The Last of a Hundred Deaths

The first time Peter Green died was one night in 1969, in San Francisco. Or possibly New York. Or Los Angeles or Miami or Chicago. Peter could never remember which. He had died a hundred times since, and after a while, all the deaths blurred together.

Behind that first death lay 22 years of life, most of it spent as Peter Greenbaum, an obscure lad from Bethnal Green in the east end of London.

Aside from jellied eels, rhyming slang, and Jack the Ripper’s crime spree 80 years earlier, Bethnal Green wasn’t known for much. Nothing in particular augured the rise of a Bethnal Green boy to stardom. Yet at the same time, there was always something special about the unusually thoughtful Peter – particularly his guitar playing.

He’d taken up the instrument at age eleven, inspired by the crisp lead playing of Shadows guitarist Hank Marvin. By age fifteen, he was good enough to play around Bethnal Green for a few quid here and there, though mostly for fun.

But by nineteen, he was good enough to warrant an invitation by British blues singer John Mayall to fill in for his vacationing guitarist – an up-and-coming chap by the name of Eric Clapton – for four dates that December of 1965. The gigs went well, Clapton returned a week later, and Green resumed playing local Bethnal Green gigs at pubs, churches, synagogues, and birthday parties.

And that might have been the last we ever heard of Peter Green, except that six months later, John Mayall and the Blues Breakers recorded the most iconic British blues album of all-time. Officially entitled Blues Breakers with Eric Clapton, but popularly known as “The Beano Album”, the record vaulted into the UK Top Ten and made the band famous. In particular, Clapton’s soulful, melodic playing on the record sounded like nothing else before it, inspiring awe not only among blues fans and music journalists, but among American blues titans like B.B. King and Buddy Guy. Overnight, Clapton became a musical deity.

And then, he quit. The lead guitar vacancy he left in the Blues Breakers was at once the opportunity of a lifetime and a potential career-killer: Measured against the now-deified Clapton, how could anyone avoid looking ridiculous, let alone manage to shine? Any replacement’s potential career could be over before it began.

And yet, when Mayall rang up to extend the invitation, the still obscure Peter Green accepted instantly.

Decca Records music producer Mike Vernon later recounted the moment he first heard about the Blues Breakers personnel change:

“As the band walked in the studio I noticed an amplifier which I never saw before, so I said to John Mayall, ‘Where’s Eric Clapton?’. Mayall answered, ‘He’s not with us anymore. He left us a few weeks ago.’

“I was in a state of shock, but Mayall said, ‘Don’t worry, we got someone better.’ I said, ‘Wait a minute, hang on a second, this is ridiculous. You’ve got someone better? Than Eric Clapton?’… Then he introduced me to Peter Green.”

It’s easy to understand Mayall’s enthusiasm. Clapton had turned in an instantly iconic performance on the Beano album. But Green, while firmly rooted in the blues, had his own thing going.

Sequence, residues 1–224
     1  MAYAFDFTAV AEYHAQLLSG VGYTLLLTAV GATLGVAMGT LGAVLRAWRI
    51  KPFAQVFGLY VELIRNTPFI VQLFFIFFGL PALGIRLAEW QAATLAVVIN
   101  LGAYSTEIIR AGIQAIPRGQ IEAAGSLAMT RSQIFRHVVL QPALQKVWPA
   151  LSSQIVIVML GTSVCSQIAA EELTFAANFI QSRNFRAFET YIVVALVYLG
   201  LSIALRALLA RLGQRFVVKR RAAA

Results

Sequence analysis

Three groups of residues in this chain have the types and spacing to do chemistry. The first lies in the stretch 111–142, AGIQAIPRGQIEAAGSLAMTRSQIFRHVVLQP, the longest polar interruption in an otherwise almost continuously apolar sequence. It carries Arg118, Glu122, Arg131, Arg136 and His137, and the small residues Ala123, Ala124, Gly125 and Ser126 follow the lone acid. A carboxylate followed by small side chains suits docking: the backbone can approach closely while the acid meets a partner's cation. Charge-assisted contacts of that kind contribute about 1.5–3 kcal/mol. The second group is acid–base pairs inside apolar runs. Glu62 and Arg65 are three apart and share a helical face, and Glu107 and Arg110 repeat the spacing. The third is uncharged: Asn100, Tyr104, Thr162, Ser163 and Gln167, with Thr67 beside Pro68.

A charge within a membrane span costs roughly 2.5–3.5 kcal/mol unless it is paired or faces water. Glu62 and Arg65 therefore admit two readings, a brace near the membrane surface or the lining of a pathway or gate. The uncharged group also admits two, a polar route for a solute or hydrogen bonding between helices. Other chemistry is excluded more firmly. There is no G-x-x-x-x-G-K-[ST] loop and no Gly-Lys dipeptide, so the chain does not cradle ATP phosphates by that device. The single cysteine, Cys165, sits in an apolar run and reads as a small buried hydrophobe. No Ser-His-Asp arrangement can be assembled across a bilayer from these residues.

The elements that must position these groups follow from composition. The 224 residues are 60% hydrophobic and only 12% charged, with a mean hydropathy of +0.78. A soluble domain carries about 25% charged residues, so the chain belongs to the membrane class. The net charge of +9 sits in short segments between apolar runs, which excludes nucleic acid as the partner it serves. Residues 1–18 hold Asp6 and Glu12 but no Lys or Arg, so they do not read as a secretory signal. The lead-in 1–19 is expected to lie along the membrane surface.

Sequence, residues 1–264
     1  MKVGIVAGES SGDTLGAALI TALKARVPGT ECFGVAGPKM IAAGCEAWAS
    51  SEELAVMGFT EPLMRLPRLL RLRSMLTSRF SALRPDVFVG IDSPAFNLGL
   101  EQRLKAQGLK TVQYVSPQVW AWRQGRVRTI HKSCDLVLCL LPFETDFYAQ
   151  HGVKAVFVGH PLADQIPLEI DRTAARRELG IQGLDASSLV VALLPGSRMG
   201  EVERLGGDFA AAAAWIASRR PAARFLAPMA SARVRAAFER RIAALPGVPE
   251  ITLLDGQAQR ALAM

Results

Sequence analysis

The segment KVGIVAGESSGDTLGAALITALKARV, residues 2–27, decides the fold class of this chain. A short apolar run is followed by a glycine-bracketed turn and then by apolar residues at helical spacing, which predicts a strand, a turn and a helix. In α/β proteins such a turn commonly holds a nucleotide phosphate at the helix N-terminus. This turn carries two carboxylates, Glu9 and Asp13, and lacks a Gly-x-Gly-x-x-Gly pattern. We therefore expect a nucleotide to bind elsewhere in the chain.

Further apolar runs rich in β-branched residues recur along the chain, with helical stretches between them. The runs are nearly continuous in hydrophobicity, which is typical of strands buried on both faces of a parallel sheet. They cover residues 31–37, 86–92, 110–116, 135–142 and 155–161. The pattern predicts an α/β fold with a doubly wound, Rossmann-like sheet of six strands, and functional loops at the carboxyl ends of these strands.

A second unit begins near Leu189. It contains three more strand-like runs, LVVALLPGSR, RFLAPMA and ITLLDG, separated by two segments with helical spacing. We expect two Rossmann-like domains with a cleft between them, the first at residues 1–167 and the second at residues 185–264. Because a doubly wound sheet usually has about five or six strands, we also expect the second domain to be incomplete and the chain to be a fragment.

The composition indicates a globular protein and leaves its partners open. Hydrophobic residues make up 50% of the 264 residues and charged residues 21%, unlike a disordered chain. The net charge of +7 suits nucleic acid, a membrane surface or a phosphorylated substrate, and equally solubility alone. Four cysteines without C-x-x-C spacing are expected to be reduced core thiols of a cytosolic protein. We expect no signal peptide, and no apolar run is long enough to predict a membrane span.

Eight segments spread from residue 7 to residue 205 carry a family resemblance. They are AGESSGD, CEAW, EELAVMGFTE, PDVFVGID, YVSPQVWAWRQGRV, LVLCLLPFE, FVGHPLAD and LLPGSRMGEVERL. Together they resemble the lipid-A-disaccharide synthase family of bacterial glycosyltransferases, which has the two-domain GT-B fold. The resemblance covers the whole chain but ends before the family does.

For one thing, there was his actual guitar sound. He used the same model guitar as Clapton (a 1959 Gibson Les Paul) and used the same brand of amplifier (Marshall). Using either the neck or bridge pickup alone, it sounded like every other Les Paul out there.

But when Green switched his pickup selector to the middle position, engaging both pickups, his guitar sounded like no other. Rather than the classic fat, creamy tone of a Les Paul, it suddenly sizzled with clarity and bite.

It was only years later that luthier Jol Dantzig, founder of Hamer Guitars, discovered the reason for the unique sound of Green’s guitar: a lucky accident at the Gibson factory back in 1959. Some unknown worker had inadvertently installed one of the pickup magnets backwards. The reversed magnetic polarity caused phase cancellation between the two pickups: certain frequencies just vanished. The resulting sound – the frequencies left over – had the attack and chime of a Stratocaster, but with all the sustain (and just a bit of the beef) of a Les Paul. (You can hear what it sounds like here on the song “The Supernatural”).

Green’s unique guitar sound wasn’t the only thing he had going. He tended to shy away from stock blues licks, preferring to construct his own (relentlessly compelling) note sequences instead. He used standard blues pentatonic (five-note) scales, but threw in exotic lines here and there to spice things up. He avoided flash for flash’s sake, instead using his solos to serve the song. He used standard expressive techniques like string bending, finger vibrato, pull-offs, and occasional double-stops, but never sounded derivative.

But there was something more. Green played with a layer of emotional and spiritual depth entirely foreign to standard musical vocabularies. Whether this came more from his early Jewish religious experiences, or an unusually sensitive personality, or from an adolescence spent as an outsider in a predominantly Protestant country, or something else, is difficult to say; but it was that layer of depth which, more than anything, led B.B. King to remark once that Peter Green was the only player who’d ever given him “the cold sweats”. It was also what led to the image of Green as something of a mystic.

Green recorded a single album with John Mayall and the Blues Breakers. The band recorded A Hard Road in the fall of 1966. Now a star in his own right, Green left the Blues Breakers July of 1967 to form his own band: Fleetwood Mac.